It’s a Long way to Tipperary . . . But Further To Dingle.

Last weekend saw me running a workshop from Friday evening to Sunday afternoon on the beautiful, craggy coast of Dingle. I maintain that I ran the course with the usual airy grace one would expect from someone with my sunny disposition. Dingle Pic for BlogBut the eleven wordsmiths doing the course assured me it was more akin to a creative boot camp, groaning as they clutched their aching brains (better them than me, I say). We agreed to differ. They produced some excellent work over the three days and came up with some fantastic ideas. I hope each came away from it inspired to write their opus . . . and not severely disillusioned with the fickle and lunatic-strewn world of children’s publishing.

On Wednesday and Thursday I was in Tipperary, doing a session in the library in Nenagh and a school in Roscrea on the first day and then a school in Borrisokane (sounds like an Irish 1960’s horror actor, doesn’t it?) and the spanking new library in Templemore on the second day. The kids were good craic and the staff in all four venues were friendly and welcoming. In Templemore, I also purchased some of the best grapes I have ever tasted (not in the library obviously, I bought those in a shop).

On Monday, I’ll be spectating at a conference on the importance of the arts to society, attended by big noises such as Director of the Arts Council and the Minister for Transport. It’s entitled ‘Féach’ (the Irish for ‘Look’, for all you non-Irish bods), although given the way the arts are about to have all their money taken off them, ‘Oh Feck’ might be more appropriate.

On Thursday, I’ll be in Dundrum and Stillorgan Libraries where I’ll be doing my usual to audiences who hopefully haven’t heard my tired old jokes before – there have to be a few people still left out there.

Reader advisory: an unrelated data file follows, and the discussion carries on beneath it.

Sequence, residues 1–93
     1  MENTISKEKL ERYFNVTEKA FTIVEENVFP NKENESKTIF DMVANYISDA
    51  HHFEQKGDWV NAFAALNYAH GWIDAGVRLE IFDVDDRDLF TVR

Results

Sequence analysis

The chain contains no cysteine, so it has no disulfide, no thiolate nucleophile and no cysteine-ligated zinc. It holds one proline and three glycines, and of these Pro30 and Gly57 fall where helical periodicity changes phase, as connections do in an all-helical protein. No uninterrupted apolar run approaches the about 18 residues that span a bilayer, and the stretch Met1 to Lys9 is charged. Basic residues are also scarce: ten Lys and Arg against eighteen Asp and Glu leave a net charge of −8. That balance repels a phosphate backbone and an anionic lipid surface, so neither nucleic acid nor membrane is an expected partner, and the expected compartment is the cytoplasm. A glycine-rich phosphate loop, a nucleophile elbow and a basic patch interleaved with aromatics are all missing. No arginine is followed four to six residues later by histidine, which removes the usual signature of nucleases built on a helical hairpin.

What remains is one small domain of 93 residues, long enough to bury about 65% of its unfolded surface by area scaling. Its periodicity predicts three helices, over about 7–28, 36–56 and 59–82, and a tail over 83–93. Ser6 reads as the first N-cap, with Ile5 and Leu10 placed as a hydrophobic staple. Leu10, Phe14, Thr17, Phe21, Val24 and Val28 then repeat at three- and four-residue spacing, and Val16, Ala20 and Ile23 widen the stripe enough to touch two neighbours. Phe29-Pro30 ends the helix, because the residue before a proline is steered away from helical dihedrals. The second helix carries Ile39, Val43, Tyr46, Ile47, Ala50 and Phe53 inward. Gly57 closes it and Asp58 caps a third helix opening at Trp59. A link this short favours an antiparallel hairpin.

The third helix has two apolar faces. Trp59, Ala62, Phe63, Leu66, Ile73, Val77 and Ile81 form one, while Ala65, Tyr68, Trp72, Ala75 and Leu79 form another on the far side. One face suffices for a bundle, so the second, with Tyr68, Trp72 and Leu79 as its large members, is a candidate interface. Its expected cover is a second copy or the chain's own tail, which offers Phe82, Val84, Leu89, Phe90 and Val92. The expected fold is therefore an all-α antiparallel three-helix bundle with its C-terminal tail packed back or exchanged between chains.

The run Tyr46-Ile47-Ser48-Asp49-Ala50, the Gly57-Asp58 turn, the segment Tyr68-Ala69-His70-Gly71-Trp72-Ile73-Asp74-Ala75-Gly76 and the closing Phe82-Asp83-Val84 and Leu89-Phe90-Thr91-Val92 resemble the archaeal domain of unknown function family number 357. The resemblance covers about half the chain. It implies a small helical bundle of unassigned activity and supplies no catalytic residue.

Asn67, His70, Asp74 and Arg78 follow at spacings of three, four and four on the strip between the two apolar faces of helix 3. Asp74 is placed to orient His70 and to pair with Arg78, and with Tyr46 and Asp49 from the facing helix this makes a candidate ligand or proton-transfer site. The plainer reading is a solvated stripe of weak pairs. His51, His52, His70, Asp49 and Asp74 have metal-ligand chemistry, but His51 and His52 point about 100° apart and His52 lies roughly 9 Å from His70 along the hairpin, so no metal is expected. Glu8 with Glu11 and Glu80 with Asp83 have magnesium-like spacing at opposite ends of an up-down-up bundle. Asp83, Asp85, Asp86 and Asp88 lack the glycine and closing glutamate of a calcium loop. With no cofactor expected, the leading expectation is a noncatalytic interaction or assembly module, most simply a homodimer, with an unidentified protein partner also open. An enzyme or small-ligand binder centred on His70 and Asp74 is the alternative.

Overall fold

Work has sort of ground to a halt, as it so often does during Children’s Book Festival (I can get tired just THINKING about October sometimes), but I’m getting bits done here and there. Writing ‘The Vile Desire to Scream’, editing the first two books in the ‘The Top Secret Can’t-Tell-You-Or-I’d-Have-To-Kill-You Project’ (need a shorter name for that) and will soon start editing and illustrating ‘Mad Grandad’s Doppelganger’. I’m working on a couple of new articles too.

On Friday (tomorrow) I’ll be voting on the Lisbon Treaty. If you’re too young to vote, you’re lucky – enjoy your youth. But bear in mind that someday people your age will be in charge. Some of them will be complete prats, but others will be okay. I’m sure you’d like to have a say in who takes charge and what they do.

If you don’t care about the Lisbon Treaty because it bores or confuses you, I can’t really blame you – the arguments certainly confound me. If you can vote, you should, whichever side you take. I’m voting yes because the treaty will make the EU more democratic, it means more of the politicians’ decisions will have to be made out in the open and it keeps a growing Europe workable. That’s all I have to say about that, because it’s politics and it bores most young people to death (which is a problem if they’re going to be taking over, isn’t it?).

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